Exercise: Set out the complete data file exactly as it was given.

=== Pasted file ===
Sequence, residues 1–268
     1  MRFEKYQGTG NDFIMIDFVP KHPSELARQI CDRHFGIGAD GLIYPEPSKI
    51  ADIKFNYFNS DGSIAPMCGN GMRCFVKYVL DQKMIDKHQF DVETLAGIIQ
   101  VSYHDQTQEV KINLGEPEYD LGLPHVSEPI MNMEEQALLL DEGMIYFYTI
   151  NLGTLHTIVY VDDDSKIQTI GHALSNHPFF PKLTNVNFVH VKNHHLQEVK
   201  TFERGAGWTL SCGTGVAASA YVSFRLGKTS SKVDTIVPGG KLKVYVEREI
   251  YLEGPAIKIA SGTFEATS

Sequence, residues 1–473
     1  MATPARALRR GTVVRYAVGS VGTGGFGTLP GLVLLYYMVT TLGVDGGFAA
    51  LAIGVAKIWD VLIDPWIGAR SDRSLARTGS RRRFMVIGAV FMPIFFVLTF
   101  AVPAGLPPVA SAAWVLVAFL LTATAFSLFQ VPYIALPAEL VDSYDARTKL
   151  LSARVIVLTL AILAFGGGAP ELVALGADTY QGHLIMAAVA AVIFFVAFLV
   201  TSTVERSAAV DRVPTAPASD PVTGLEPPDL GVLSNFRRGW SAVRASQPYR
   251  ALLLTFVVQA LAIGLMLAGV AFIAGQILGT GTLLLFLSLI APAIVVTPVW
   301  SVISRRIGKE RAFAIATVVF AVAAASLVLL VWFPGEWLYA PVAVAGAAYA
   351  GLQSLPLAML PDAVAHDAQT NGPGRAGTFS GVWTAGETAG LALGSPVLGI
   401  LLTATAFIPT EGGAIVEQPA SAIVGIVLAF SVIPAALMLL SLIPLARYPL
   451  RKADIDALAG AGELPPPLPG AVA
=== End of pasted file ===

Sequence, residues 1–268
     1  MRFEKYQGTG NDFIMIDFVP KHPSELARQI CDRHFGIGAD GLIYPEPSKI
    51  ADIKFNYFNS DGSIAPMCGN GMRCFVKYVL DQKMIDKHQF DVETLAGIIQ
   101  VSYHDQTQEV KINLGEPEYD LGLPHVSEPI MNMEEQALLL DEGMIYFYTI
   151  NLGTLHTIVY VDDDSKIQTI GHALSNHPFF PKLTNVNFVH VKNHHLQEVK
   201  TFERGAGWTL SCGTGVAASA YVSFRLGKTS SKVDTIVPGG KLKVYVEREI
   251  YLEGPAIKIA SGTFEATS

Sequence, residues 1–473
     1  MATPARALRR GTVVRYAVGS VGTGGFGTLP GLVLLYYMVT TLGVDGGFAA
    51  LAIGVAKIWD VLIDPWIGAR SDRSLARTGS RRRFMVIGAV FMPIFFVLTF
   101  AVPAGLPPVA SAAWVLVAFL LTATAFSLFQ VPYIALPAEL VDSYDARTKL
   151  LSARVIVLTL AILAFGGGAP ELVALGADTY QGHLIMAAVA AVIFFVAFLV
   201  TSTVERSAAV DRVPTAPASD PVTGLEPPDL GVLSNFRRGW SAVRASQPYR
   251  ALLLTFVVQA LAIGLMLAGV AFIAGQILGT GTLLLFLSLI APAIVVTPVW
   301  SVISRRIGKE RAFAIATVVF AVAAASLVLL VWFPGEWLYA PVAVAGAAYA
   351  GLQSLPLAML PDAVAHDAQT NGPGRAGTFS GVWTAGETAG LALGSPVLGI
   401  LLTATAFIPT EGGAIVEQPA SAIVGIVLAF SVIPAALMLL SLIPLARYPL
   451  RKADIDALAG AGELPPPLPG AVA